I have a degenerative eye disease called Retinitis Pigmentosa (RP). RP progressively destroys one’s vision by attacking the light receptors (rods and cones) in the eyes, making them incapable of functioning correctly. The rate of progression is variable, and vision can change from day to day.
I was diagnosed with RP when I was fifteen years old. My family did not have insurance when I was a kid, so I never received any follow-up care or counseling. I was left in a vacuum to deal with this difficult-to-understand diagnosis, so the easiest thing to do was ignore it.
Over the next several years I lived my life and tried not to think too hard about my RP. Even when I could tell the disease was becoming advanced, I ignored it, tried to deny it was happening, and continued on like normal. I disguised my ever-increasing clumsiness behind a smile and joke; when I was unable to see objects others pointed out, I simply pretended I could.
It took a real clinical examination in 2003 to force the facts on me. It did not go well. It became painfully obvious during the exam that things were worse than I thought. I suppose you learn little tricks to compensate for vision loss, but it’s more difficult to fool sophisticated diagnostic equipment.
The Electroretinogram (ERG) showed the expected deterioration of light receptor function. There is so little activity in the rods and cones it cannot be accurately measured. The Goldman Visual Field Test showed the arc of my peripheral vision to be about seven degrees wide. A person with normal vision would have around 180 degrees.
What does this really mean? Okay, try this: Take two toilet paper tubes and place each to one eye so that you are looking through the tubes like binoculars. That is what my world looks like. Also, I am totally blind in the dark, and my depth perception — especially in situations where there is little or no contrast of objects — is almost nil. What that basically means is that I am legally blind.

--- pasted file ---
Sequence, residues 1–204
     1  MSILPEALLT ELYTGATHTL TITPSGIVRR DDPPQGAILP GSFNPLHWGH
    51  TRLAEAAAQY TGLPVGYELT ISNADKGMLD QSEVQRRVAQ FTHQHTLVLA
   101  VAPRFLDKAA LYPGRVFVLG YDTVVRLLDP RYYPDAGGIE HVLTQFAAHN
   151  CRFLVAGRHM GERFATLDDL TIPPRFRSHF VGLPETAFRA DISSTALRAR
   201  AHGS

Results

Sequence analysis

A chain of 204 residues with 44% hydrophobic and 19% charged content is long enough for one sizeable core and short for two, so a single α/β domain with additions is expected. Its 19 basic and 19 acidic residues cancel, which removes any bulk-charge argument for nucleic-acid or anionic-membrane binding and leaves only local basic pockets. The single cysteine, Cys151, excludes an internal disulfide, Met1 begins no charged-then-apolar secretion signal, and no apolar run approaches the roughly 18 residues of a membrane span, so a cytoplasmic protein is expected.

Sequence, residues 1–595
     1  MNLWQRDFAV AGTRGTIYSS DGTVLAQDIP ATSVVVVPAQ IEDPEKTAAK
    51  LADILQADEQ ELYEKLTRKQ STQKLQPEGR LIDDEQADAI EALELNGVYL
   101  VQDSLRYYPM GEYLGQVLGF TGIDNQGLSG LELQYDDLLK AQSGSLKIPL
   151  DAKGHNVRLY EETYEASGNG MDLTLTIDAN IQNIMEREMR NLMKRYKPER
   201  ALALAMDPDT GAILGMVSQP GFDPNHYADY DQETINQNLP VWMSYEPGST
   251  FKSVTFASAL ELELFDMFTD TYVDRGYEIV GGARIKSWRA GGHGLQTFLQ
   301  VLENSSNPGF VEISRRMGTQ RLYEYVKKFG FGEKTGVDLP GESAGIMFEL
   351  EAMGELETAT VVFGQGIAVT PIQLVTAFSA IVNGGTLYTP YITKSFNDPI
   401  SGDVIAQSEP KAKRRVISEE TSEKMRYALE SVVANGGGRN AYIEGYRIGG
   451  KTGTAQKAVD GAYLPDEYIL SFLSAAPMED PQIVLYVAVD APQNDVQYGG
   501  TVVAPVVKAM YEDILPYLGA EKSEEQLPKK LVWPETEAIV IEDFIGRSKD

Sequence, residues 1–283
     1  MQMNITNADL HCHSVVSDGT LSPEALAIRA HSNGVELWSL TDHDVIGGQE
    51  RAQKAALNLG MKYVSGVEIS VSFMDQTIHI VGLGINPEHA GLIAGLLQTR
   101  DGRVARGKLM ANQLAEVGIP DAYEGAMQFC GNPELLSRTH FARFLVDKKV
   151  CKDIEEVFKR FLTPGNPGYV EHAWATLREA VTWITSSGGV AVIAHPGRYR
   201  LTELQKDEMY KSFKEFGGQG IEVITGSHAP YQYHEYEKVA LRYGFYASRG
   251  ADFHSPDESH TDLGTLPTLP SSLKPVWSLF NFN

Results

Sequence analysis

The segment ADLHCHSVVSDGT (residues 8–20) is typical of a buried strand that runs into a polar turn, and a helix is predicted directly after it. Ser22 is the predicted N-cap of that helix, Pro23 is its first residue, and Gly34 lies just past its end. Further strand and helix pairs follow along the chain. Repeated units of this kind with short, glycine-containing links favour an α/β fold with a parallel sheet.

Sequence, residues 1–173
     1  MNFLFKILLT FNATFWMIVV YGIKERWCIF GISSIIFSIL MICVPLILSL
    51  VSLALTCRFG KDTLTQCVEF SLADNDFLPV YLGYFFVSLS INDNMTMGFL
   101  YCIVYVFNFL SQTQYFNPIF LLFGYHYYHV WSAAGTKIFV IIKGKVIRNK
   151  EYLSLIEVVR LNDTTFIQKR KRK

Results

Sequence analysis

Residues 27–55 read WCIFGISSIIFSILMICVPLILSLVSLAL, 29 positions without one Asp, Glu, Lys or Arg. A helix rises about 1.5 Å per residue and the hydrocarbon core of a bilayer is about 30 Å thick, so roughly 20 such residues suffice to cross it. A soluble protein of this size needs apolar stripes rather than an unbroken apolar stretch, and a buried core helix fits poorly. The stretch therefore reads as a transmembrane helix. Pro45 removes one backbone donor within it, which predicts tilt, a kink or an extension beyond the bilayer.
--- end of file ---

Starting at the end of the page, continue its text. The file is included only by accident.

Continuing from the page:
I also developed cataracts in both eyes, which is common in people with RP. As of 2010 I have had both cataracts surgically removed and replaced with synthetic lens.
On the positive side, I do have fairly decent forward acuity. You just have to stand directly in front of me, and not more than a few feet away, and I’m good. And I can still read most print, though sometimes I need a magnifying glass. This causes confusion for some folks — because I still have some usable vision, I don’t always appear blind to the casual observer.
As I came to accept my impairment, my life went through a lot of changes. Probably the single most difficult adjustment for me was when I stopped driving. The loss of mobility and independence was frightening to contemplate at the time. Despite the skills I’ve learned and the access to the metro bus line, it still rankles sometimes — like when I have to spend hours a day on public transit running errands.
I will admit that there was a part of me that thought it was supremely unfair for me to have to quit driving — but in the end it’s not about what’s fair, it’s about what’s smart. People who refuse to turn in the keys long after they’ve lost the ability to safely operate a motor vehicle are a death waiting to happen. The real eye opener (no pun intended) for me was when I nearly ran down a group of pedestrians in a crosswalk. Had my wife, Sherry, not been with me and cried out for me to stop the car, I am fairly sure I would have injured or even killed someone. There had been several instances over the last few months before I stopped driving where I navigated a stretch of road from memory as much as from what I could see.
In October 2004 I completed rehab courses at Vision Loss Resources, gaining a new set of skills and tools to make my life better, and to allow me to continue living my life on my terms. I think the most important thing VLR did for me was putting me in a setting with other visually impaired people. It was reassuring to be with others who were riding along with me on this strange trip our lives had become. Another important tool I gained at VLR was learning the use of a white mobility cane: Though I have some vision, using a white cane allows me to travel more safely and confidently and it alerts other folks of my impairment (so they won’t run me down).
Though the disease is progressive and my vision continues to deteriorate, I have come a long way since that exam. Back then I wasn’t sure things were ever going to be all right in my life ever again. Now I know my life’s as good as I’m willing to make it.